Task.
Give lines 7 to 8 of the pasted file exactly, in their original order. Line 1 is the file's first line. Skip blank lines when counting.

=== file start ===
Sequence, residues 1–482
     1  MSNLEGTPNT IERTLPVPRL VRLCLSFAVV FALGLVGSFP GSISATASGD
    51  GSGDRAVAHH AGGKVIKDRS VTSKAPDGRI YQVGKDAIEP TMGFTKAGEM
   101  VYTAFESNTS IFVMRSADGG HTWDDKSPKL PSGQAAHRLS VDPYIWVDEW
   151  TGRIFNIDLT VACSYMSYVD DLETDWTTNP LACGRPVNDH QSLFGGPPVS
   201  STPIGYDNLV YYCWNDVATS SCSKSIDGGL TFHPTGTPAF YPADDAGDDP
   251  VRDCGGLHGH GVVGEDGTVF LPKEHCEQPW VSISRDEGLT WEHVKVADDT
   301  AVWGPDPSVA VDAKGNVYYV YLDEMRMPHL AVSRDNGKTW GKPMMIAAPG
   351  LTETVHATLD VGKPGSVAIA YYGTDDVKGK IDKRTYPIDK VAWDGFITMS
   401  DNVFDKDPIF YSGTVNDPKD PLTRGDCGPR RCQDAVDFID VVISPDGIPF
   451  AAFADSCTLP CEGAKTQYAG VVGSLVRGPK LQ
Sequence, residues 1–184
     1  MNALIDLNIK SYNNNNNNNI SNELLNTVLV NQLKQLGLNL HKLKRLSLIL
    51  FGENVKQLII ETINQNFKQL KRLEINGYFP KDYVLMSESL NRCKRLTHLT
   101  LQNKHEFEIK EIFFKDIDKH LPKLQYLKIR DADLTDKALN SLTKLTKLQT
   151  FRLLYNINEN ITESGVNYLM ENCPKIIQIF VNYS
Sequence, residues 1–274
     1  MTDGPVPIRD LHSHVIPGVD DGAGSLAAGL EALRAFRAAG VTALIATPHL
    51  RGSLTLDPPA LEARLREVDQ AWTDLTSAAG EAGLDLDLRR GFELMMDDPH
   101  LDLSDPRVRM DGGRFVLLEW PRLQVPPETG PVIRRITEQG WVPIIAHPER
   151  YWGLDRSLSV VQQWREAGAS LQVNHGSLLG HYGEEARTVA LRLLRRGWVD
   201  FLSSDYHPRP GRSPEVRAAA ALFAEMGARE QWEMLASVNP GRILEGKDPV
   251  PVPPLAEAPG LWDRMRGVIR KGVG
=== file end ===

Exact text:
   251  VRDCGGLHGH GVVGEDGTVF LPKEHCEQPW VSISRDEGLT WEHVKVADDT
   301  AVWGPDPSVA VDAKGNVYYV YLDEMRMPHL AVSRDNGKTW GKPMMIAAPG